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Trustees and Bankruptcy in Georgia

Augusta GA Bankruptcy Attorney

When you file for bankruptcy, the court will issue you a Trustee. If you file for Chapter 7 bankruptcy, your appointed Trustee will organize your property into exempt and non-exempt property. The Trustee will then oversee the selling of the non-exempt property and use the sale proceeds to pay back your debts. The primary role of a Chapter 7 trustee in an asset case is to liquidate the debtor's nonexempt assets in a manner that maximizes the return to the debtor's unsecured creditors.


To accomplish this, the trustee attempts to liquidate the debtor's nonexempt property, that is, property that the debtor owns free and clear of liens and the debtor's property that has market value above the amount of any security interest or lien and any exemption that the debtor holds in the property. In addition, if the debtor is a business, the bankruptcy court may authorize the trustee to operate the debtor's business for a limited period of time, if such operation will benefit the creditors of the estate and enhance the liquidation of the estate.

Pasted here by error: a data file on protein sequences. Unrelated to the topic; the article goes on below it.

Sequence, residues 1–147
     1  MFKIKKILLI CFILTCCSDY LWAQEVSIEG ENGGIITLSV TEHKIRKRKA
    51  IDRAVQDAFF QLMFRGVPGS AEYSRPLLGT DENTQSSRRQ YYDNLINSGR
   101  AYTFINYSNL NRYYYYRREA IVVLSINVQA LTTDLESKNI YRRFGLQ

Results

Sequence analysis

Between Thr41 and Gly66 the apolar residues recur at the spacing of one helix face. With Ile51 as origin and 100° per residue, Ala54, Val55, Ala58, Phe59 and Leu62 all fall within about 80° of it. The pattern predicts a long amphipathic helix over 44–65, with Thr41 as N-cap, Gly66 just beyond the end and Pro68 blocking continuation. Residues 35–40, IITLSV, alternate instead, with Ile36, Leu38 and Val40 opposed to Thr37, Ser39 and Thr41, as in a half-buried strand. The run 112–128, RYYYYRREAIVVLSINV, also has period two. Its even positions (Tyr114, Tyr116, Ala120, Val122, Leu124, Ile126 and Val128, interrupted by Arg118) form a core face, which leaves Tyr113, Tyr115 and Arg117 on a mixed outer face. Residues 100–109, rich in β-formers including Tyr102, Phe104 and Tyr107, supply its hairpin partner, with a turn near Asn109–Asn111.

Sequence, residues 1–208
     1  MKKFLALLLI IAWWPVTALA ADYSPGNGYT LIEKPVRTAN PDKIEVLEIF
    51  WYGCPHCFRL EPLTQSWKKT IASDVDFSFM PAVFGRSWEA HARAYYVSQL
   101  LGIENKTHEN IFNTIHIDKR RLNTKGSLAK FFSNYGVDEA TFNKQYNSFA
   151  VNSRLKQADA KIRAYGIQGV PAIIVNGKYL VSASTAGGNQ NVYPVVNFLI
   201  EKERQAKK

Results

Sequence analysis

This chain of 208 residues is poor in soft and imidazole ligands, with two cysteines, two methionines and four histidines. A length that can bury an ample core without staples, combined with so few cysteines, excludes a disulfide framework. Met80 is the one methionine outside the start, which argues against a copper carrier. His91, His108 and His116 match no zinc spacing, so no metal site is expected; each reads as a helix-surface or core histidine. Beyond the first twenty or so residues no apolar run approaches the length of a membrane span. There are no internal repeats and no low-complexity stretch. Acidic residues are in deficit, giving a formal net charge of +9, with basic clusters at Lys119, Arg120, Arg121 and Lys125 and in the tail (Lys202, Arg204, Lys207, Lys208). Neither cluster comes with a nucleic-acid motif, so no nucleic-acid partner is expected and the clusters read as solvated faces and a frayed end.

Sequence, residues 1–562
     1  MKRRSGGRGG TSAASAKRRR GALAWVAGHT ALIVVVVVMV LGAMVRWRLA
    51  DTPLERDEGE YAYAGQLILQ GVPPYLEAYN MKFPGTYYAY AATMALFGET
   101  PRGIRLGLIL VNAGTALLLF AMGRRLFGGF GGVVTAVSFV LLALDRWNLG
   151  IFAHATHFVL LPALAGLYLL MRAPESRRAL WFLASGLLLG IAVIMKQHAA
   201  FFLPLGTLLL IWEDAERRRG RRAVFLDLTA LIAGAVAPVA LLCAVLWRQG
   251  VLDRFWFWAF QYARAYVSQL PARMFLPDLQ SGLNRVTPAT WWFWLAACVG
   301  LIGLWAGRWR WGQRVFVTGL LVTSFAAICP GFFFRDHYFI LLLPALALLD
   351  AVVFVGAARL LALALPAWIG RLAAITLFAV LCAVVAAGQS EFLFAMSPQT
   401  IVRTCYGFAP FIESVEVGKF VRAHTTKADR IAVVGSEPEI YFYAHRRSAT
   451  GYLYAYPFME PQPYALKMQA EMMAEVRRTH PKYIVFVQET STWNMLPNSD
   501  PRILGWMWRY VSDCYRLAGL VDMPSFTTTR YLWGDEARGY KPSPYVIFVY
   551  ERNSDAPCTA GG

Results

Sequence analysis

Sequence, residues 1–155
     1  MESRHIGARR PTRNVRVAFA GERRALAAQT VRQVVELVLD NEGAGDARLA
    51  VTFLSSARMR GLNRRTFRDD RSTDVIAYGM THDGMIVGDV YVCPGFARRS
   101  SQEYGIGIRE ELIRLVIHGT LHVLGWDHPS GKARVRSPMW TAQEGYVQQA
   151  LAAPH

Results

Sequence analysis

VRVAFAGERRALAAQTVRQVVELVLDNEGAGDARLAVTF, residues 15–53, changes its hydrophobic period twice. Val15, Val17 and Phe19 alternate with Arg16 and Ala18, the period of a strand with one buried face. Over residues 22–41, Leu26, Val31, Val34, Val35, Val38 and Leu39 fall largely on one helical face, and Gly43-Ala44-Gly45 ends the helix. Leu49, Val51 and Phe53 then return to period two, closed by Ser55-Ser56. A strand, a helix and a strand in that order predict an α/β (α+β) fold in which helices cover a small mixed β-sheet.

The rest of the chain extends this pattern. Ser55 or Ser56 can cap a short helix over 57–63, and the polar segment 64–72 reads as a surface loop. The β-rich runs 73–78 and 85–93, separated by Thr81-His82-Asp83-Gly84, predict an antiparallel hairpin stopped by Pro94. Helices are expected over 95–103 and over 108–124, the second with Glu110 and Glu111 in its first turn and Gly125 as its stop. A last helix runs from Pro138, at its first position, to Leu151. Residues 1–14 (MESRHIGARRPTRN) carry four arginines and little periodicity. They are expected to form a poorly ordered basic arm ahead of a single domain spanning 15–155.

If you file for Chapter 13 bankruptcy, the Trustee will work with you to prepare your repayment plan. The Trustee will be your liaison between you and the bankruptcy court, and will oversee the reorganization of your debt.


You must begin making payments under your Chapter 13 repayment plan within 30 days after you file it with the bankruptcy court. Usually, you make payments directly to the bankruptcy trustee. Once your repayment plan is confirmed, the trustee will distribute the money to your creditors.


We are bankruptcy attorneys based in Augusta, GA. We serve clients in Augusta, Georgia and throughout the CSRA, including Columbia and Richmond County. We can help you file for bankruptcy.